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How to Tell If a Persimmon Is Ripe

Trying to figure out how to tell if a persimmon is ripe?

You’re not the only one! And from color to aroma, there are a few things to look out for.

Fresh, Moist With Dews, Ripe Persimmons on a Plate

Unlike bananas which are easy to identify as ripe, it’s not easy to look at a persimmon and know it’s ready to eat.

It’s not the most common fruit. But it has a delicate melon-like flavor and honey sweetness.

So I don’t blame you for wanting to try it!

And if you’re wondering how to tell if a persimmon is ripe, keep reading! That way, you get the best of this exotic fruit.

How to Tell If a Persimmon Is Ripe 

There are four main ways to tell if a persimmon is ripe:

  • Appearance – it should be bright orange
  • Texture – it should be a little soft
  • Aroma – ripe persimmons smell sweet
  • Taste – it should be sweet and honey-like

But since there are a few different types of persimmon, let’s take a closer look at these factors.


The first indication that a persimmon is ripe is typically the color.

However, that’s also one of the least accurate. And that’s because, as mentioned, there are a few different types of persimmon. 

And unfortunately, each one is a bit different.

That said, if you live in the U.S., the most widely sold persimmons are:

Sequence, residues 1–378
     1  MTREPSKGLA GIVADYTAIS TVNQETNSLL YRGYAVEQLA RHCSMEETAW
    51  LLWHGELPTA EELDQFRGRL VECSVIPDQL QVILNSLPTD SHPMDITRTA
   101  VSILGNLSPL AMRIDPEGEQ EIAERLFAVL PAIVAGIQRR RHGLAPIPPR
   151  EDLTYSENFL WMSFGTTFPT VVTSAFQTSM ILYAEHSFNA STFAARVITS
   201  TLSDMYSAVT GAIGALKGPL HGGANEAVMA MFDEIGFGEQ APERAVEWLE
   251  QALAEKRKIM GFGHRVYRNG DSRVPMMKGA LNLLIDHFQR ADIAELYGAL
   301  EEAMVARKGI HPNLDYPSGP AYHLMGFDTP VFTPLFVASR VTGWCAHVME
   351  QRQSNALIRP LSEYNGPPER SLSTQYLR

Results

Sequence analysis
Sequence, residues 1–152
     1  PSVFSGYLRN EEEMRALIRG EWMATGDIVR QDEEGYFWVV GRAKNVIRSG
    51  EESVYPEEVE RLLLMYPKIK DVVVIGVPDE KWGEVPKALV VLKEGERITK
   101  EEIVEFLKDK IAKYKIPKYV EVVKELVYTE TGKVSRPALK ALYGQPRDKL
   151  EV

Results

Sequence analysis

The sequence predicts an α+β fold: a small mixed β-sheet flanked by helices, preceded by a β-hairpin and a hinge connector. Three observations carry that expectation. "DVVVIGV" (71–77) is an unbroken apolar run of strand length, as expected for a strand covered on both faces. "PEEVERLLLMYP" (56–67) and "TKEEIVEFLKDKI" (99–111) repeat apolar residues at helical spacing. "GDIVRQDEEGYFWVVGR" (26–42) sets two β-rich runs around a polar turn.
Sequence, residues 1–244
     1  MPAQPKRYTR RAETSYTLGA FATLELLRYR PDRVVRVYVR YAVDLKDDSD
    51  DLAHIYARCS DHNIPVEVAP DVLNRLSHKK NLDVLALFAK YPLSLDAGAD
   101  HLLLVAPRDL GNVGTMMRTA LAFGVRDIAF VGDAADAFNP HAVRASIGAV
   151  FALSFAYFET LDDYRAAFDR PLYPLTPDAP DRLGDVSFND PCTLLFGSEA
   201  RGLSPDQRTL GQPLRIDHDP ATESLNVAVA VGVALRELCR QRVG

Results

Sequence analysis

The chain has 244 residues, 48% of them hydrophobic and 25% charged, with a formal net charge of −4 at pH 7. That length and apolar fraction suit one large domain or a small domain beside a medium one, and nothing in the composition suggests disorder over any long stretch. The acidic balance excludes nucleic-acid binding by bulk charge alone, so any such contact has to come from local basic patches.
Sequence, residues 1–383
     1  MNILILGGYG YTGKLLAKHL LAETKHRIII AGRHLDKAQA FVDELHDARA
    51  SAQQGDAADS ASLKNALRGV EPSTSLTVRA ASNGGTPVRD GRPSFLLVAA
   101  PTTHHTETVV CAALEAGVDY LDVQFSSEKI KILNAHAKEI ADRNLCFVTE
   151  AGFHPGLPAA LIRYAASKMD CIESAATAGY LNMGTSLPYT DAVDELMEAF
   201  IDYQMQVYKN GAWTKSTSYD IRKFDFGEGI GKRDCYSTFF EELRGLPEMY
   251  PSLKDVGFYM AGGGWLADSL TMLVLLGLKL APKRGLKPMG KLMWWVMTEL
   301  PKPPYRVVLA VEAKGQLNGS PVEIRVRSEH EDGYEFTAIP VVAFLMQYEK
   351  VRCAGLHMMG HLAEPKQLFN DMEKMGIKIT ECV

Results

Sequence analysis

• Fuyu – bright orange when ripe
  • Hachiya – deeper orange, almost red when ripe

So, look for bright orange or dark orange fruits bordering on red.

(Another variety turns dark purple when it’s ripe. But it isn’t as widely available in the United States.)

Check the shininess of the skin, as well. When both types of persimmon are ripe, they should be pretty shiny.

And if they are withered or wrinkled, they’re likely overripe and not good to eat.


Like many fruits, you’ll notice unripe persimmons are hard. And they soften as they ripen.

So if your persimmon is solid and has no give (a feeling of softness when you gently press or squeeze it), it isn’t ripe.

  • Hachiya persimmons are very soft when ripe, almost like a tomato. 
  • Fuyus don’t get that soft, but they still give when you press them.

Note: if your fuyu persimmon is tomatoey soft, it’s probably gone bad.


Like plums, melons, and peaches, ripe persimmons smell sweet.

That goes for both varieties we’ve talked about.

And while the aroma isn’t as bold or noticeable as some other fruits, it’s still there. 

Plus, unripe persimmons have little to no smell at all. On the other hand, overripe ones may have a musky, fermented odor.


Finally, there’s the taste test.

And unfortunately, this requires cutting into the persimmon. At that point, if the fruit isn’t ripe, you’ll have to trash it. 

Even so, you’ll know a persimmon is ripe when you taste it, and it’s slightly sweet and honey-like.

Unripe persimmons are sour, and overripe ones taste like fermented mush. 

Whole and Sliced Ripe Persimmons

How to Ripen a Persimmon 

If you have an unripe persimmon, fear not. If you leave it sitting at room temperature for several days, it’ll ripen on its own.

Of course, sometimes you don’t want to wait that long. So if you want to speed up the process, you can do that, too.